You have razor blades in your throat and water-filled eyes and bubbling nostrils and you’ve become deaf in one ear and you can’t talk without coughing yourself inside out, and every now and then you sneeze and sneeze and sneeze until your nose falls off.

You have a cold.

Some people wrap their heads in gauze and carry on regardless; others share their wet, watery germs with as many people as possible; others stay at home hidden beneath a pile of damp tissues; a few turn to alcohol and other recreational options. However you handle it, there comes a point in the evening when you’ve just about had enough of the wretched thing. Here is a suggestion for when that moment comes.

  1. Run a hot steaming bath and fill it with bubbles. Close all the windows and take something interesting to read – I would suggest one of the graphic guides from the wonderful Introducing Books team (@graphicguides).
  2. While the bath is running squeeze the juice of one lemon into a glass tumbler, and keep squeezing until there is no squeezing left to be done.
  3. Add a spoonful of honey – not set honey but that runny honey stuff that somehow gets all over your fingers.
  4. Add hot water until the tumbler is half full and stir vigorously.
  5. Lie in the bath amongst all the bubbles and the steam, and drink the drink and stay there until you have hardly any energy left at all.
  6. Get out of the bath, dry yourself, and climb into a freshly made bed with clean sheets and a thick duvet.
  7. If appropriate, spray Difflam into your throat.
  8. Think of nothing.
  9. Sleep.

In the morning you will wake up cured. If not, repeat each evening until you are.

Please vote on the 23rd

It would have been lovely, wouldn’t it, if we’d been able to have an inclusive debate in which the pros and cons of remaining in, or exiting from, the European Union were aired and discussed and respected?

But we didn’t.

Instead we have had a highly polarised, venomous argument in which political leaders, elected and unelected, have thrown their weight about and dominated the debate, and left me feeling that the last few weeks have been more about their career aspirations than any consideration for what is good for the British people, and for the people of other countries. Which is a shame because this vote is much more important than any politician’s career, and it is much more important than any general election.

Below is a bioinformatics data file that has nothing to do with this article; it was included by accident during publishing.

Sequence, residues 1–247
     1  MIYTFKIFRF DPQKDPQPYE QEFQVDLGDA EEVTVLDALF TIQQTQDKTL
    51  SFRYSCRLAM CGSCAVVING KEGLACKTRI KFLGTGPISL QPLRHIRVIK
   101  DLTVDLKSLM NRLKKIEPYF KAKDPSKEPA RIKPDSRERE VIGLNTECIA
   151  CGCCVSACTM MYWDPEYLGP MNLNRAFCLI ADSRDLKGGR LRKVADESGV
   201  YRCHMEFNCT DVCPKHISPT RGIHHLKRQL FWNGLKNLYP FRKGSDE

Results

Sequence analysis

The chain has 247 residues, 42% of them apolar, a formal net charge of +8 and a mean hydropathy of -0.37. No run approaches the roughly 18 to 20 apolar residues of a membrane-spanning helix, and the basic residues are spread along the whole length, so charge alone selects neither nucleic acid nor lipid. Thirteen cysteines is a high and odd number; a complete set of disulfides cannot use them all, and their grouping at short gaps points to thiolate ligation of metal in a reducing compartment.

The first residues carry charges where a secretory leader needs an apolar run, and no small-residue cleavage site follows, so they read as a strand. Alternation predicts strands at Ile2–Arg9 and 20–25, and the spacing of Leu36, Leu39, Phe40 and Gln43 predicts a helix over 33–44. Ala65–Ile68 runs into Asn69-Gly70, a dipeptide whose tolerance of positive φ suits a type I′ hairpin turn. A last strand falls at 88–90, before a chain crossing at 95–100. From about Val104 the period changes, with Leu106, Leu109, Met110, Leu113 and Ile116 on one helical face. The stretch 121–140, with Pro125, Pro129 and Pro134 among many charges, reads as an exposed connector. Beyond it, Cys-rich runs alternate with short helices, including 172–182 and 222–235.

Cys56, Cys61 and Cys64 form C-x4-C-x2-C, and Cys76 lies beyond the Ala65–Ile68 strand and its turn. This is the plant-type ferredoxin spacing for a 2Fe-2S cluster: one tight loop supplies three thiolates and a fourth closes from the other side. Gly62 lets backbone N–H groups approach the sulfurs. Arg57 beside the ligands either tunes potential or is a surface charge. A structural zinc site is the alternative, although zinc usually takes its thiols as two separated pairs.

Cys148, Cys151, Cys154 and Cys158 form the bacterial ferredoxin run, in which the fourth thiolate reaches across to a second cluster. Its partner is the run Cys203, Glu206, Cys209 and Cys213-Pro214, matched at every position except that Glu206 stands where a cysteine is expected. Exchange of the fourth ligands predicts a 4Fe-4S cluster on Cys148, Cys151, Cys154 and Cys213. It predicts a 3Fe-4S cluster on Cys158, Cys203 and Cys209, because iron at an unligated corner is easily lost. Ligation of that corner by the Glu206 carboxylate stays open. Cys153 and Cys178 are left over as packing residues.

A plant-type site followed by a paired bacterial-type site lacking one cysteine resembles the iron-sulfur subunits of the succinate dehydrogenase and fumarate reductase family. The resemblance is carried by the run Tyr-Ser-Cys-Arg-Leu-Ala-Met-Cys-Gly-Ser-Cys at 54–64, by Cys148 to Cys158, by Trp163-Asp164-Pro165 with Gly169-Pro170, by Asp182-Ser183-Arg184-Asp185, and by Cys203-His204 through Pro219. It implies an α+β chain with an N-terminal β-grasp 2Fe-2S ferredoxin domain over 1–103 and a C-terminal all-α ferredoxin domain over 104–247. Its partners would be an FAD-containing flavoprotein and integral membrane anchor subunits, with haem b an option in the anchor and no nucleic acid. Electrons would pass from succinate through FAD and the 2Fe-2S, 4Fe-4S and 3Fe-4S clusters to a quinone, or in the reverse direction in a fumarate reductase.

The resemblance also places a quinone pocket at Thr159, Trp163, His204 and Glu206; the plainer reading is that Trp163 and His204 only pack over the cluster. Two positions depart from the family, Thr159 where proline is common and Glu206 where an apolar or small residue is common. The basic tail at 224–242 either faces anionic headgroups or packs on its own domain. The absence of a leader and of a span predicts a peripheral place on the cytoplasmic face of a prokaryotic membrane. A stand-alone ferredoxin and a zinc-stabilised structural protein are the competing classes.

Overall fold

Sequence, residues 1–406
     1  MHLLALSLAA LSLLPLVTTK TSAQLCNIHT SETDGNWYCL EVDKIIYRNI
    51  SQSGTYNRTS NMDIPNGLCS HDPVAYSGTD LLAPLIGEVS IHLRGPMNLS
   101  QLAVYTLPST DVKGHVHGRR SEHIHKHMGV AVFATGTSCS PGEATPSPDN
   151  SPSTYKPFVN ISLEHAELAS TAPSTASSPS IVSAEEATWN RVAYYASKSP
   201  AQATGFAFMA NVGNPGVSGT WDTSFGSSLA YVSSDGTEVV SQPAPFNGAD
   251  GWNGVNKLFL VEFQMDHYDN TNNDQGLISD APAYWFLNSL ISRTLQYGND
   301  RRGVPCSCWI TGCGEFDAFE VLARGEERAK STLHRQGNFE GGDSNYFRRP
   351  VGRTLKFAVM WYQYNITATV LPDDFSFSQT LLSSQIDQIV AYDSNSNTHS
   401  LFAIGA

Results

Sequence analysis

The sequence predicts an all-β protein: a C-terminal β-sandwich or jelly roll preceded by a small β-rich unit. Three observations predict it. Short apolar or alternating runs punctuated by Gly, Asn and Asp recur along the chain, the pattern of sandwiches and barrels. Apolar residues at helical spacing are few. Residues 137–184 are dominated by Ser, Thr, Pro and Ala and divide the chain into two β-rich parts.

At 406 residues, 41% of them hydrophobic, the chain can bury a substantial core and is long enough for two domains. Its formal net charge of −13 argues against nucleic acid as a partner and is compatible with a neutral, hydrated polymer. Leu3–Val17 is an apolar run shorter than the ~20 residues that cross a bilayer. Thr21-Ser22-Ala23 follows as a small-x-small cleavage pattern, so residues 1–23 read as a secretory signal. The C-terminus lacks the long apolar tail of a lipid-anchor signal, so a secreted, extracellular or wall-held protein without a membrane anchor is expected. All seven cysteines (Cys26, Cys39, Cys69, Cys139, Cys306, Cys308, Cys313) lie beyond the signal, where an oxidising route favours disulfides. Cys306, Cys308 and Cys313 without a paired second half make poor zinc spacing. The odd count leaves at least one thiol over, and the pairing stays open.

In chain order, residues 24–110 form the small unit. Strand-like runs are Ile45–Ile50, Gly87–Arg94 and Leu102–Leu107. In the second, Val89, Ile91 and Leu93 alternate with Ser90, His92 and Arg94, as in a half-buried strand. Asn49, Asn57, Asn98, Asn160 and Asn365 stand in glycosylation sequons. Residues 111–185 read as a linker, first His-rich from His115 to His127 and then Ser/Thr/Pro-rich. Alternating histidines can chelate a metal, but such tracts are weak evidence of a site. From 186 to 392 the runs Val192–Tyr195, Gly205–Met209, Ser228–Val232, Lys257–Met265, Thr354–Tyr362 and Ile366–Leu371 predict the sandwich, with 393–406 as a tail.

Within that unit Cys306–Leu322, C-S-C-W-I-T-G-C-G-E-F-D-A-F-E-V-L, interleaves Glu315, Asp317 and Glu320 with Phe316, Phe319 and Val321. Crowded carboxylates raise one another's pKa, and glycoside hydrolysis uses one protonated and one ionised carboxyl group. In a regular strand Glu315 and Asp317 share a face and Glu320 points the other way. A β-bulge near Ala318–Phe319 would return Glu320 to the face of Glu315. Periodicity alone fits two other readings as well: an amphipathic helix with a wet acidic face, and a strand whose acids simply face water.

This vote is about us: the populace, the masses, the multitude. And ironically, the nasty nature of the arguments has elevated the debate from a pragmatic question of sovereignty and economics, to something far more reflective.It has become an act of defining ourselves, our country and our continent. And it is as much a vote for our children and grandchildren as it is for ourselves because we are deciding on the type of country and world in which they will live for many years to come.

So no matter how disenchanted you might feel by this whole process, and how weary you might be when trying to find objective facts on which to base an opinion, and how nauseous you become every time you hear the same old rhetoric, please hang in there and make the effort to vote on the 23rd, wherever you intend to put your X. Because if ever there was a decision to be made in which every vote will count, then it is this one.

You are so very very big…

“Let us praise God. Oh Lord, oooh you are so big. So absolutely huge. Gosh, we’re all really impressed down here I can tell you. Forgive us, O Lord, for this dreadful toadying and barefaced flattery. But you are so strong and, well, just so super. Fantastic. Amen.” (Michael Palin as the chaplain in The Meaning of Life)

Fair enough. But look what stunning architecture such flattery creates…

Wells Cathedral

I do like the Python approach, though. Here’s my own prayer in a similar vein.

Dear God.
You are so big and we are so small.
Please don’t tread on us or eat us.
Sorry we are so rubbish.
You are much better.
Sorry.